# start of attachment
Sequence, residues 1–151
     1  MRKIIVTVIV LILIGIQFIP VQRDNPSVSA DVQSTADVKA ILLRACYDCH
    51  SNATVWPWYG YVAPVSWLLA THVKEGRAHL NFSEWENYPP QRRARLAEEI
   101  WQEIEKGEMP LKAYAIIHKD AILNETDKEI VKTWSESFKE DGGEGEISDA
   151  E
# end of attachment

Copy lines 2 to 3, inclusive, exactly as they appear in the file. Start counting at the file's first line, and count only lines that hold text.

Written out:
     1  MRKIIVTVIV LILIGIQFIP VQRDNPSVSA DVQSTADVKA ILLRACYDCH
    51  SNATVWPWYG YVAPVSWLLA THVKEGRAHL NFSEWENYPP QRRARLAEEI